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Alabama Supreme Court rules frozen embryos are children, cites the Bible in opinion

The opinion from the ALSC cited the Bible and could end the practice of IVF in the state.

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In a controversial opinion that could end the practice of in vitro fertilization in the state, the Alabama Supreme Court on Friday declared that frozen embryos are “children” entitled to the same legal rights as other “unborn children.” 

The opinion was issued in a case involving the accidental destruction of several embryos at a Mobile fertility clinic, The Center for Reproductive Medicine, when a wandering patient entered the area where they were stored and dropped several containers. Three couples whose embryos were destroyed sued the Center, but a circuit court judge threw out the lawsuit because the embryos were not covered under Alabama’s “Wrongful Death of a Minor Act.” 

“The cryopreserved, in vitro embryos involved in this case do not fit within the definition of a ‘person,’” the trial court wrote in dismissing the cases.  

As such, there were no claims remaining – aside from a breach of contract – for the plaintiffs to make. The court couldn’t award damages for wrongful death and Alabama law prohibits the recovery of damages from a third-party who hasn’t suffered physical injury. 

However, writing for the court’s majority, Justice Jay Mitchell reversed the lower court, opened up several new and creative avenues for future lawsuits and likely made IVF treatments in Alabama unaffordable. Writing in a concurring opinion, ALSC Chief Justice Tom Parker turned the opinion into a citation of Biblical scripture.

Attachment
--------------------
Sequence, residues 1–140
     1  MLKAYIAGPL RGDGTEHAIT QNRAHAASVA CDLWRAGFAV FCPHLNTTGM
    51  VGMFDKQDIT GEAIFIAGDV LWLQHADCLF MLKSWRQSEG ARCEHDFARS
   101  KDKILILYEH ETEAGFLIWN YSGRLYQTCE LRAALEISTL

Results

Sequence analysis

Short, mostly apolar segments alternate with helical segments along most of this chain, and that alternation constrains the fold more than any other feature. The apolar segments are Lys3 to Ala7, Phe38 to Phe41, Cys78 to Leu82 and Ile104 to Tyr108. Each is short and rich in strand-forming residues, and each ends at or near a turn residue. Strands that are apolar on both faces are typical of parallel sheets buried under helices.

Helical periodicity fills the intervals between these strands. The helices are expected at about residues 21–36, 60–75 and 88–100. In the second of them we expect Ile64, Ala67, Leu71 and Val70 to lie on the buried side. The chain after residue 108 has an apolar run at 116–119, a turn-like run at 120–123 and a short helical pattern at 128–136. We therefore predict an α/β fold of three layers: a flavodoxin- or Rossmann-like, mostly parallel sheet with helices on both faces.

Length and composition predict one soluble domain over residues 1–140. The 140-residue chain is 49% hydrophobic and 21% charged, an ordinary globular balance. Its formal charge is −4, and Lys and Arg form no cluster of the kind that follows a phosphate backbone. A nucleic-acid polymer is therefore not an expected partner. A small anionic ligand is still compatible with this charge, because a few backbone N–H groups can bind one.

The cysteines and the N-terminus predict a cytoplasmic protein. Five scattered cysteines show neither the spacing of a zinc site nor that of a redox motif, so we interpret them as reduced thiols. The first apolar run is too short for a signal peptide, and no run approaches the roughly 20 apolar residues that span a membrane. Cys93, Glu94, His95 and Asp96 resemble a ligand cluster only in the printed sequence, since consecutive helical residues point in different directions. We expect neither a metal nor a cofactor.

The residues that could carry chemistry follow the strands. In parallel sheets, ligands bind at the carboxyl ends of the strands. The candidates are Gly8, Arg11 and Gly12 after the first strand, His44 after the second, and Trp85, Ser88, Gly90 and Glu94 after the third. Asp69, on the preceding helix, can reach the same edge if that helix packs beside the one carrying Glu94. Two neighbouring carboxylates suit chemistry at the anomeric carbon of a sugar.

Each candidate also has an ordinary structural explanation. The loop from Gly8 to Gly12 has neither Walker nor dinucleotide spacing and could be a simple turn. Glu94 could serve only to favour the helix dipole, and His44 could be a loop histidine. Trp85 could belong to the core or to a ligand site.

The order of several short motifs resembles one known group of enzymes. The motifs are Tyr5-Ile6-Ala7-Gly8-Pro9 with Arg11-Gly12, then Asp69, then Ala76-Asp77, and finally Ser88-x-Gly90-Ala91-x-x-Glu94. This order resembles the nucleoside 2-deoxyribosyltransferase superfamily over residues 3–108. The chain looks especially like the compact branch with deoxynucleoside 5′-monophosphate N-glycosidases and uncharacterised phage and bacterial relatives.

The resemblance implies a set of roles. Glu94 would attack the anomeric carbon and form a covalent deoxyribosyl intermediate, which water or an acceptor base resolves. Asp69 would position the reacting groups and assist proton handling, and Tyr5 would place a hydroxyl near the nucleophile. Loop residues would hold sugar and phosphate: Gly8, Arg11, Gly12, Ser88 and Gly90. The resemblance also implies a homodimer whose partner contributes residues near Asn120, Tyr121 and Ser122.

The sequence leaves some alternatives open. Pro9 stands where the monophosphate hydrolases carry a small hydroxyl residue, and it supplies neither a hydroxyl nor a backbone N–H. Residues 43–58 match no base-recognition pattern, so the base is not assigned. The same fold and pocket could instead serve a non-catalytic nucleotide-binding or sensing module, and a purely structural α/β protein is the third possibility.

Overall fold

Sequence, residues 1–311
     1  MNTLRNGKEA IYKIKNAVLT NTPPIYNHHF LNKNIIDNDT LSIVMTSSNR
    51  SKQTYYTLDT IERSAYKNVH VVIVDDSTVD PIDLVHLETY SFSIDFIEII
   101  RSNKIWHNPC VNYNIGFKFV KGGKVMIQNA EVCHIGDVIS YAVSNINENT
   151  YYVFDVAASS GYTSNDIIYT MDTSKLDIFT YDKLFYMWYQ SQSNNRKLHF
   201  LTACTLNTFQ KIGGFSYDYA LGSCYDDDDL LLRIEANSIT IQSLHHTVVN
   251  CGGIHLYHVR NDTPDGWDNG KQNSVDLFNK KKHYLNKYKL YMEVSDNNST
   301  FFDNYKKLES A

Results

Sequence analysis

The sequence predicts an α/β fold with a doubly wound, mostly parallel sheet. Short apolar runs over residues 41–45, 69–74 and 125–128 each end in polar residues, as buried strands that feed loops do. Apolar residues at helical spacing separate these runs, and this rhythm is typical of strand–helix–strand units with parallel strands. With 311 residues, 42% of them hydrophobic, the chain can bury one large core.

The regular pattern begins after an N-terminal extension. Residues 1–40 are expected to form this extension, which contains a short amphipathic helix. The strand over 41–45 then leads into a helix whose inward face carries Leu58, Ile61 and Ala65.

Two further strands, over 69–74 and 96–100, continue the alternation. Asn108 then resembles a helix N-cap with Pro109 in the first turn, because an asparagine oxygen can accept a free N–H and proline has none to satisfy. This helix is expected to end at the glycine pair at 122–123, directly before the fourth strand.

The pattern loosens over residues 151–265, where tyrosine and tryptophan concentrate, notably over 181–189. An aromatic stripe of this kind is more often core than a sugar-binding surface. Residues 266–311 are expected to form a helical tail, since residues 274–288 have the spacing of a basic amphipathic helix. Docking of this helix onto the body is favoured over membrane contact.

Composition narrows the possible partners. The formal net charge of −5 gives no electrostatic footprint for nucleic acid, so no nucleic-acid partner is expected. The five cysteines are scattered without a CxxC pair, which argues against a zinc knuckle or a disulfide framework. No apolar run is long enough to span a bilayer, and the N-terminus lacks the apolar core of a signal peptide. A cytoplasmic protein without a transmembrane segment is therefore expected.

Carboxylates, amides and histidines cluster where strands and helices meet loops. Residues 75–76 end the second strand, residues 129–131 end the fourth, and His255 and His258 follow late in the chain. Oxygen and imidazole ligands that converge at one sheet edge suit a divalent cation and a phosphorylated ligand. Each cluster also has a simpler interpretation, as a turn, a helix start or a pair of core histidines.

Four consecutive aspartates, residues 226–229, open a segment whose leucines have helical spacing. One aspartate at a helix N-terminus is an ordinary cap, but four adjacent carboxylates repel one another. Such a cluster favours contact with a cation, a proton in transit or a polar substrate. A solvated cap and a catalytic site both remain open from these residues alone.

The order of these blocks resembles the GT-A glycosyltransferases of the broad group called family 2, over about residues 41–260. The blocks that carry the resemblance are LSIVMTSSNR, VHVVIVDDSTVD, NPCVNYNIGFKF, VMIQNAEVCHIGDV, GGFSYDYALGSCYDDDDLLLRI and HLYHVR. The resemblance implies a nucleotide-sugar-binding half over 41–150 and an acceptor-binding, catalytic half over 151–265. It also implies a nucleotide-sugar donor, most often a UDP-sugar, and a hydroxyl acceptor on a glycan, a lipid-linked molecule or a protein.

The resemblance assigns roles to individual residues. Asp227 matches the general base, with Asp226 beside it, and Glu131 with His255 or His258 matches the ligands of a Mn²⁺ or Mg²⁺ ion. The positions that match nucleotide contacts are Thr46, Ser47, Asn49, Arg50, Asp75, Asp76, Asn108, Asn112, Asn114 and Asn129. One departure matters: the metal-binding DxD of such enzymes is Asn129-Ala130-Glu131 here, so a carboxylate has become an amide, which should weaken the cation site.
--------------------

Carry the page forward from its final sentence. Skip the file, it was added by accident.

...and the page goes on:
“When the People of Alabama adopted (the ‘sanctity of life’ provision of the state constitution), they did not use the term ‘inviolability,’ with its secular connotations, but rather they chose the term ‘sanctity,’ with all of its connotations,” Parker wrote. “This kind of acceptance is not foreign to our Constitution, which in its preamble ‘invok[es] the favor and guidance of Almighty God,’ … and which declares that ‘all men … are endowed [with life] by their Creator.’ The Alabama Constitution’s recognition that human life is an endowment from God emphasizes a foundational principle of English common law, which has been expressly incorporated as part of the law of Alabama.”

Parker then went on to cite two overtly Christian texts – “Theology Today” and “Manhattan Declaration: The Call of Christian Conscience” – to help define the phrase “sanctity of life” and argue that life begins at conception because, “all human beings bear God’s image from the moment of conception.”

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From there, Parker went on to quote the Bible and another theological text that explained, in his words, “the significance of man’s creation in God’s image.”

Justice Greg Cook, the court’s lone dissenter, avoided the biblical arguments and instead focused on the laws as written, noting that nothing in the “wrongful death act” or Alabama law has defined an embryo as a “child.” Such a definition would be necessary to reach the court’s opinion, and it would need to be reached with legal arguments, not biblical ones. 

Additionally, Cook wrote that the decision would have a chilling effect on the IVF process in Alabama. 

“… there are other significant reasons to be concerned about the main opinion’s holding,” Cook wrote. “No court — anywhere in the country — has reached the conclusion the main opinion reaches. And, the main opinion’s holding almost certainly ends the creation of frozen embryos through in vitro fertilization (“IVF”) in Alabama.”

Josh Moon is an investigative reporter and featured columnist at the Alabama Political Reporter with years of political reporting experience in Alabama. You can email him at [email protected] or follow him on Twitter.

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